Commands are perhaps the most direct use of the imperative mood. Commands instruct someone to perform an action, and they are issued without the use of the word “ты”/”вы” (you).

Иди сюда! – Come here!

Сядьте! – Sit down!

Открой окно! (Open the window!)

Приготовь ужин. (Prepare dinner.)

Making Requests

Imperatives are also used to make polite requests. By adding “пожалуйста” (please) to your imperative, you can make your request more courteous.

Подай соль, пожалуйста. – Pass me the salt, please.

Помогите мне, пожалуйста. – Help me, please.

Дай мне ручку.  – Give me a pen.

Giving Instructions

Instructions for recipes, processes, or directions are often conveyed using the imperative mood.

Поверните направо на следующем светофоре. – Turn right at the next traffic light.

Добавьте масло и перемешайте. – Add oil and stir.

See Also: Russian Verbs For Cooking

Giving Advice/Recommendation/Warning

Поезжайте в Санкт-Петербург. – Go to St.Petersburg.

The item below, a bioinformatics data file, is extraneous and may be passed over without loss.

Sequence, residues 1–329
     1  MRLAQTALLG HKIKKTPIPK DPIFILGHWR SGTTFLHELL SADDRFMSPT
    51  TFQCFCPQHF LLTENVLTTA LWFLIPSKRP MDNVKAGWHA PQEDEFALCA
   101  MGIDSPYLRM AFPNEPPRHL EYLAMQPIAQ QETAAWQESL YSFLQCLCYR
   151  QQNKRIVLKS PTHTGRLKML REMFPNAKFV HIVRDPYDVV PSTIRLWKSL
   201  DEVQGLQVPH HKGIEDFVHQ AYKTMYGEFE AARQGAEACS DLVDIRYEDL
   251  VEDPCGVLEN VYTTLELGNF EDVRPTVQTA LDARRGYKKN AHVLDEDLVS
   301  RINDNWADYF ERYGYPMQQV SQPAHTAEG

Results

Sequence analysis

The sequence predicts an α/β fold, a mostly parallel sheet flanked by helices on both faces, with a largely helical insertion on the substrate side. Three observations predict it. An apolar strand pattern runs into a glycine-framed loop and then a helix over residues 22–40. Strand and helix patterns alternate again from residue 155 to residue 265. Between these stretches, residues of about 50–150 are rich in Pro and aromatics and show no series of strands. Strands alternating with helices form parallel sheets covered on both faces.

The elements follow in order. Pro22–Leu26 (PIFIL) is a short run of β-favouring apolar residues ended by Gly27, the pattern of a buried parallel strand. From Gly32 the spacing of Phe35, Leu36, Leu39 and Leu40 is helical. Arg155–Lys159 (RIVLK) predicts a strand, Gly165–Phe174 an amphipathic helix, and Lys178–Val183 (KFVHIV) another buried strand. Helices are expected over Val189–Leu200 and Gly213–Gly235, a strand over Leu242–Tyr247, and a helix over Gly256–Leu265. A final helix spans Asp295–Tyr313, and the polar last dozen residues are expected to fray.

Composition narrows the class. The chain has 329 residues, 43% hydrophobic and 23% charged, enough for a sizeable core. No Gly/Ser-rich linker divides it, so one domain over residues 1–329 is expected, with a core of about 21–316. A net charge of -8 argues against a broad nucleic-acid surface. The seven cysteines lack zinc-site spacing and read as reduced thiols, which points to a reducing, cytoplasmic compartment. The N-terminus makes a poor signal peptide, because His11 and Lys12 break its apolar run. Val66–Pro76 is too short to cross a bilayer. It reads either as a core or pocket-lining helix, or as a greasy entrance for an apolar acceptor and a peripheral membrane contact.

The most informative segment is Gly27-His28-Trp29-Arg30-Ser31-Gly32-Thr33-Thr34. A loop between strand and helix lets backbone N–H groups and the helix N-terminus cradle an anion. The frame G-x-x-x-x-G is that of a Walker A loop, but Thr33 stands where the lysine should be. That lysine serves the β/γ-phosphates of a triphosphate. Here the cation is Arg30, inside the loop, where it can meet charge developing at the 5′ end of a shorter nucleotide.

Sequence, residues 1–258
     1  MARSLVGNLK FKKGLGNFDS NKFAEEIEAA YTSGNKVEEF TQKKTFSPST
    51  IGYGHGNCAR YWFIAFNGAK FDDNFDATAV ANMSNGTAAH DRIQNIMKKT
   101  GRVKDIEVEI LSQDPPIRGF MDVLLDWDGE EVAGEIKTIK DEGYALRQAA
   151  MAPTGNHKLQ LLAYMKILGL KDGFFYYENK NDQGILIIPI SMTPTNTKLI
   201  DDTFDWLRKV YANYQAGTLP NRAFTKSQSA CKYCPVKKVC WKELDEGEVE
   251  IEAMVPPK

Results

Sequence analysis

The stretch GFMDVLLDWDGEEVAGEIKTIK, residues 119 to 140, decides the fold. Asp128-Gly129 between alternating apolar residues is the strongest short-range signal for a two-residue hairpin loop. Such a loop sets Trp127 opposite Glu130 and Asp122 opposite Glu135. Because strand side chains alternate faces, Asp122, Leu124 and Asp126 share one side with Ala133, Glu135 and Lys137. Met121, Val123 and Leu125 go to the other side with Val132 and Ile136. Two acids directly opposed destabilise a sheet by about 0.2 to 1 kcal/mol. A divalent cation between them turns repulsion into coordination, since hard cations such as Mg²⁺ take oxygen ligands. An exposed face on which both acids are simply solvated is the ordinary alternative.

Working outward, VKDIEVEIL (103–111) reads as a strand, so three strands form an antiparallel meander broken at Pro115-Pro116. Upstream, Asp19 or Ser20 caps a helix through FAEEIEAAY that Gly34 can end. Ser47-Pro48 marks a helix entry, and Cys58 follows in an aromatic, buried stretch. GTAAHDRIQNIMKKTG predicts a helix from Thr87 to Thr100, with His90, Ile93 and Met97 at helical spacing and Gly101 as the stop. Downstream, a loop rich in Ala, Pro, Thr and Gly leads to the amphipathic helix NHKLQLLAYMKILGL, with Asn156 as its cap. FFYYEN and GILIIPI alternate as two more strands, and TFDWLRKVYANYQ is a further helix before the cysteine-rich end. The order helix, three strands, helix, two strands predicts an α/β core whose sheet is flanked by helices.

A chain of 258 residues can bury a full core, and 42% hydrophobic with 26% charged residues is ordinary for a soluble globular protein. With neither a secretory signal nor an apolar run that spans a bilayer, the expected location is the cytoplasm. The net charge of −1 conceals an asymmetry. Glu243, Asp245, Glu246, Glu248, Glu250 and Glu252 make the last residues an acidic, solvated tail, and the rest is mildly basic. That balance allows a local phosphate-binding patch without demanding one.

Будь внимателен на дороге! – Be attentive on the road!

Не подходи к собаке. – Don’t approach the dog.

Не трогай это! – Leave it alone!

Будь́те осторожны! – Be careful!

Expressing Wishes

Будь счастлив! – Be happy!

Будь здорова! – Be healthy!

Живите долго и счастливо! – Live long and prosper!

Making Invitations

You can also make invitations in a friendly and inviting manner.

Пошли со мной в кино! – Come to the movies with me!

Пойдём вместе в кино! – Let’s go to the movies together!

Приходи к нам на обед. – Come to our place for lunch.

Приезжай завтра на чашечку кофе. – Come over tomorrow for a cup of coffee.